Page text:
DEAB SENATOR HUGHES: The City of Burlington finds it urgently necessary to protest the recently announced HUD program moratorium. It was with surprise that Burlington learned of the most recent example of arbitrary and indiscrimiDate decision-making at the Cabinet level of the Department of HUD. It is apparent that the action taken does not consider the level of impact such negative action will have upon people, as well as programs. Unfortunately, the Secretary is irresponsibly reacting to an illusionary stack of paper that can be referred to as the "program" but he does not appear to be fully cognizant of the fact that said “program" is comprised of, and concerned with, PEOPLE.

It is for this reason that the City of Burlington urgently requests your assistance and support in opposing the HUD moratorium and its very negative impact on the people of our community. It is important to point out that 120 units of Low Rent Housing for the Elderly and 100 units of Section 23. Housing will unquestionably not be funded due to the recent "freeze.” The loss of these units has a rather long range effect upon the success of the $554,000 Neighborhood Development Program currently in execution and the ability of Burlington to adequately meet the housing needs of its elderly (14.3% of Burlington's total population). The negative effect upon the Neighborhood Development Program is of considerible concern since the loss of potential low rent Section 23 Housing will directly determine and decrease our relative ability to adequately house low income families in the 360 acre program area.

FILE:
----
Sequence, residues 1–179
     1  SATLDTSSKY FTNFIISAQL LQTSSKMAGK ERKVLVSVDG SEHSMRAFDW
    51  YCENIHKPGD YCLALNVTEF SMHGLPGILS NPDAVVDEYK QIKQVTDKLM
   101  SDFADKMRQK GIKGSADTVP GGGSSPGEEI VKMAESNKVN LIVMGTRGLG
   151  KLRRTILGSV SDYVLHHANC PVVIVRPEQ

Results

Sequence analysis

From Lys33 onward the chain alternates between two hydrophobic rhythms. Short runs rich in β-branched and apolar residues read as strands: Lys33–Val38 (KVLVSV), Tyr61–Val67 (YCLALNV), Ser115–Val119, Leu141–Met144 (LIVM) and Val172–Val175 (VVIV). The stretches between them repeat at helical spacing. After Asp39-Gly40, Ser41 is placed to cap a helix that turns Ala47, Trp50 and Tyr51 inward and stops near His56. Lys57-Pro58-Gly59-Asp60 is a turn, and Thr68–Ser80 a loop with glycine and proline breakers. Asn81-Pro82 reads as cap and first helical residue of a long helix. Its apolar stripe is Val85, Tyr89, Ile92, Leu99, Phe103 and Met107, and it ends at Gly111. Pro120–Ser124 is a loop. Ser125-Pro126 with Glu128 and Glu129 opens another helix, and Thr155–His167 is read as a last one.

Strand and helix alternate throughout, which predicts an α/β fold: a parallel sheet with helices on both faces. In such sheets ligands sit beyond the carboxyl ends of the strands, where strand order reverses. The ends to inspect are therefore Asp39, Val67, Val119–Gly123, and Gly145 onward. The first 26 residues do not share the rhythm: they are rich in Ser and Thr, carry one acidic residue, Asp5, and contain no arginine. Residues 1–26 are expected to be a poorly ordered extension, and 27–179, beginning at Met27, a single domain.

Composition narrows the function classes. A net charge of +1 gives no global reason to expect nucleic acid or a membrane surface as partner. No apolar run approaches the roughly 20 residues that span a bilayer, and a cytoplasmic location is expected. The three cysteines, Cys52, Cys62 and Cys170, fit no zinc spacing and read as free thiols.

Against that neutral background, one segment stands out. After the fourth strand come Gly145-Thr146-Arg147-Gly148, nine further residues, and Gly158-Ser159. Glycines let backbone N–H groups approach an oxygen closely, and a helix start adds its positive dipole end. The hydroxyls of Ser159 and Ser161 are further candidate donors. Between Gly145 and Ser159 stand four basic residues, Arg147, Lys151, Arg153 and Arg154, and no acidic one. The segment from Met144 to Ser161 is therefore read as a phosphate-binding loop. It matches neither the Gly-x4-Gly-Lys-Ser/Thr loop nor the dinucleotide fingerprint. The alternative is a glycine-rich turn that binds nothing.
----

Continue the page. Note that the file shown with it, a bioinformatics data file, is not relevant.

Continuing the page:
The moratorium will further affect our City by eliminating the use of the FHA Section 235 or 236 Programs to construct replacement housing in an existing two block residential redevelopment area. The inability to aggressively and expeditiously develop these two residential blocks will have a far reaching impact upon the success of the Central Burlington Neighborhood Development Program, primarily due to the blow dealt to the morale of the neighborhood residents.

To jeopardize the success of the Maple Hills Neighborhood Organization as a necessary and viable citizen organization by issuing an indiscriminate and arbitrary "freeze" is totally and unacceptably irresponsible. The City of Burlington cannot justify or condone such action when the success of citizen solidarity is at stake.